The coopers hawk was scary since it was perched in the low branches of a spruce. It just jumped from the low branch onto a cockerel and tore off the side of his chest... at which point I ran up and interrupted. Supposedly that is what cooper hawks do... hide in low branches.

All of the rest of the hawks and eagles killed by diving down from the sky... except for a couple of bald eagles....

once a bald eagle actually flew down through the ONE 2x2 foot hole in the wire roof, and then hopped over to try to kill a duck.

And twice an eagle flew down, then hopped into my run (through the propped open people door, open for free range time) and ate a few chickens and ducks.

I have also had one hawk or eagle... can't remember now... bust through the fishnet top to try and kill a chicken. Busting through the net reduced the impact, and I saw it happen and ran and stopped before further injury happened.

One eagle tried the same thing and got tangled in the net, we had to free it.

So......

I now have that concrete reinforcing wire on the top of all of my runs.

It has huge holes, so a raccoon could crawl in... but eagles and hawks don't get it. The huge holes mean it doesn't hold much snow, it is very ridged so needs only minimal support and a snow load doesn't bust it.

If you don't want to go that way...

Fishnet tops are good until the snow tears them down... and string with surveyors tape hung along like streamers does greatly reduce arial predation.

But not with Owls... they could care less and are very Freddy Krueger-esk.
 

Missmaddymoo008

Chirping
Nov 27, 2020
26
53
54
Well we aren’t moving the coop, just moving the chicken door to the other side of the coop to where it can be in the portion that we can completely enclose. The coop does get closed and locked at night. It’s very secure. The hawk entered through the chickens access door in the middle of the day to kill the second chicken. Cant exactly close their door all day.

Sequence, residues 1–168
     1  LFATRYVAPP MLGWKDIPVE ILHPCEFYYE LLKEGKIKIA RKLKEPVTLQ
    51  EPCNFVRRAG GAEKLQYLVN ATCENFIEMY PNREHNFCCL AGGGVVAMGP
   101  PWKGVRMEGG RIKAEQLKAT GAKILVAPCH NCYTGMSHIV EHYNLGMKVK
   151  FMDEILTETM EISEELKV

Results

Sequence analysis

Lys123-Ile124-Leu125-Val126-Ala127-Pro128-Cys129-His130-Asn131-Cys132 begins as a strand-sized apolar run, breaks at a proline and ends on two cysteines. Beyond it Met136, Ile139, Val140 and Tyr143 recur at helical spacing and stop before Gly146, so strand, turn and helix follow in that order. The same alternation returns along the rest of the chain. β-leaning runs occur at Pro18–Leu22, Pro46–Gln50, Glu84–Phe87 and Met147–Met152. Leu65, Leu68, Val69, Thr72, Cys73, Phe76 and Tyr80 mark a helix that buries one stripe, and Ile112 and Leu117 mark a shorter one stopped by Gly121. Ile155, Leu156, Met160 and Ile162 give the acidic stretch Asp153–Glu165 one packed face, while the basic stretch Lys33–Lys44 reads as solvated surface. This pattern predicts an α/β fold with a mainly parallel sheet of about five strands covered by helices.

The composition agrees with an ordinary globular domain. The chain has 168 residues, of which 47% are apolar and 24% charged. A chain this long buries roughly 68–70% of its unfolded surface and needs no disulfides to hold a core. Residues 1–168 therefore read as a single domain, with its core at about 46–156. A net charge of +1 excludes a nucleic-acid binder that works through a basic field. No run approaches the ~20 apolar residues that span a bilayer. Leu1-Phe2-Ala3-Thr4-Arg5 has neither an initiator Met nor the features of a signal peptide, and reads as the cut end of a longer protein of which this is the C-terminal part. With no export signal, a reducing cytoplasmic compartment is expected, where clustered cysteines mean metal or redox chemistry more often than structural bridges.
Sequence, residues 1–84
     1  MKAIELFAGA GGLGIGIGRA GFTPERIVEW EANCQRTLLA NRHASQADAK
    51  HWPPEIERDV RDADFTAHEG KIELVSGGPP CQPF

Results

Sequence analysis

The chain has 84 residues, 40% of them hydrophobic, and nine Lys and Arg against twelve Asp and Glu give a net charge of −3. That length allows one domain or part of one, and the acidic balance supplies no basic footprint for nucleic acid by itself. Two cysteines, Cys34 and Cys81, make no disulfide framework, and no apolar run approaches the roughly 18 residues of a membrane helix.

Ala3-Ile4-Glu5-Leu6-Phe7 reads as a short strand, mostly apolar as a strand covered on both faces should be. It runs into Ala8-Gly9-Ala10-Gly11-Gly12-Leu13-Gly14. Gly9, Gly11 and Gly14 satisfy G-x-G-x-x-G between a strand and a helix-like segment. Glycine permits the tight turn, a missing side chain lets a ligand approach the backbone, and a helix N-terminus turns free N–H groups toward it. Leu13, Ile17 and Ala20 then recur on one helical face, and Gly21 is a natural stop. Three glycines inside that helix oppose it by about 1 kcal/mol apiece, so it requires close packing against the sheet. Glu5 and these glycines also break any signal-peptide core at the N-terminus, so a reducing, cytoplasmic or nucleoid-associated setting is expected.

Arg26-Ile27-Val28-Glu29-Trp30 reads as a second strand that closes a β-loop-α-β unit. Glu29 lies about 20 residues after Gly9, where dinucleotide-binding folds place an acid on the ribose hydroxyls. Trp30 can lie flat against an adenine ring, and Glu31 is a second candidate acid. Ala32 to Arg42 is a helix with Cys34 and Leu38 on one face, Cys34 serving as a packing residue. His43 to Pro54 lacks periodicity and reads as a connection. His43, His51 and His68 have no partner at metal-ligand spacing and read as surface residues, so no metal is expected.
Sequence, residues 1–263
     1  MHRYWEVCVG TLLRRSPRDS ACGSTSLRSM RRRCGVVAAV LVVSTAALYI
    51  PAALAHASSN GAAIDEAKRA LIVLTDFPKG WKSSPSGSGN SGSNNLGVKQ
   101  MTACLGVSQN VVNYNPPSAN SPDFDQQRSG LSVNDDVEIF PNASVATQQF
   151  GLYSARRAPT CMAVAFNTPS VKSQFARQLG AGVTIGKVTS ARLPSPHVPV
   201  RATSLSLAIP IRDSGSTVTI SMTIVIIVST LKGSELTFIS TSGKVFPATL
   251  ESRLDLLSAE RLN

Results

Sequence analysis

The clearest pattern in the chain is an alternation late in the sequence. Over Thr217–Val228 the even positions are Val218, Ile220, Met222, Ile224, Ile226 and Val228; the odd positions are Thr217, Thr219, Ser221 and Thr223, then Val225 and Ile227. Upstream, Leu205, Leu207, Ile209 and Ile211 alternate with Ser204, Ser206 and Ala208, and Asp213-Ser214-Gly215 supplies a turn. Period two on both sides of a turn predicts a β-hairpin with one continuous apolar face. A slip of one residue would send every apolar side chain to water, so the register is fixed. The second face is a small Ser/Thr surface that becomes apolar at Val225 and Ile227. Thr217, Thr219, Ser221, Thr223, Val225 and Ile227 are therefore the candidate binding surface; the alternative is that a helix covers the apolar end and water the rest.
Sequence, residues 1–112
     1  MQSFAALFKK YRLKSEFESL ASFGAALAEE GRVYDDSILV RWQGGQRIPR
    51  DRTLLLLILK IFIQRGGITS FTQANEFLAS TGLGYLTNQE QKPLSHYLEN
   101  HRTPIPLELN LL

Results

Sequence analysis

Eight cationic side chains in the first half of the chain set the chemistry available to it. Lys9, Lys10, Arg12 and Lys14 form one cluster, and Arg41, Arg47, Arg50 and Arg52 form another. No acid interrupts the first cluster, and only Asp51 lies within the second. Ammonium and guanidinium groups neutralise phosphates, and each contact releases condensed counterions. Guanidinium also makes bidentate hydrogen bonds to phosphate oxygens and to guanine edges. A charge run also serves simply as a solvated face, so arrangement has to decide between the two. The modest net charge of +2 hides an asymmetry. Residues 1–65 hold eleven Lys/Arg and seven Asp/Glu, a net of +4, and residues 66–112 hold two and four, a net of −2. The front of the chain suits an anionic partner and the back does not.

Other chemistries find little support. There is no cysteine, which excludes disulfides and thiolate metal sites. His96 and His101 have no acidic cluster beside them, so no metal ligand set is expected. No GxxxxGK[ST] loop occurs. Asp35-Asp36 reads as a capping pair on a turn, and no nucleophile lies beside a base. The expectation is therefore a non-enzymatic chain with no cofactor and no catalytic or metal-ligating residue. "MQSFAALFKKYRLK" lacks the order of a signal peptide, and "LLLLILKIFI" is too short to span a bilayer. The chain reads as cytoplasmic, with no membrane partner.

I’m personally not convinced adding hiding spots will help much. Our entire 8x10 coop is elevated, about 24 inches off the ground, and the first chicken was killed under the coop and the hawk drug her out into the run to eat her head.

The netting will certainly be secured well. No worries there. That’s interesting about owls attracting other predators... how does that work? I hear owls and hawks are natural enemies, and I would think things like weasels would avoid birds of prey?

At one time we had an owl decoy outside our run and couple days after there was a hawk sitting right next to it. I don't know if it knew if it was fake or what. That's just my personal story on decoys. And I did misunderstand your original post, sorry. And I didn't know that hawks would actually drag a chicken out of a coop, most of the time ( at least with me ) the hawk would never make a kill unless it was in a open space where it could grab-and-go.
Sorry🤐
 

Stephanie8806

Songster
Feb 18, 2019
495
619
191
Central Washington State
I have never had a hawk eat the head.

Owls yes, they love heads. Or at least the great horned owls that have entered the coop through the pop door, happily ate heads.

I have had predation from bald eagles, a coopers hawk, some other hawk, and a falcon tried. None of those ever touched the head.

The coopers hawk was scary since it was perched in the low branches of a spruce. It just jumped from the low branch onto a cockerel and tore off the side of his chest... at which point I ran up and interrupted. Supposedly that is what cooper hawks do... hide in low branches.

All of the rest of the hawks and eagles killed by diving down from the sky... except for a couple of bald eagles....

once a bald eagle actually flew down through the ONE 2x2 foot hole in the wire roof, and then hopped over to try to kill a duck.

And twice an eagle flew down, then hopped into my run (through the propped open people door, open for free range time) and ate a few chickens and ducks.

I have also had one hawk or eagle... can't remember now... bust through the fishnet top to try and kill a chicken. Busting through the net reduced the impact, and I saw it happen and ran and stopped before further injury happened.

One eagle tried the same thing and got tangled in the net, we had to free it.

So......

I now have that concrete reinforcing wire on the top of all of my runs.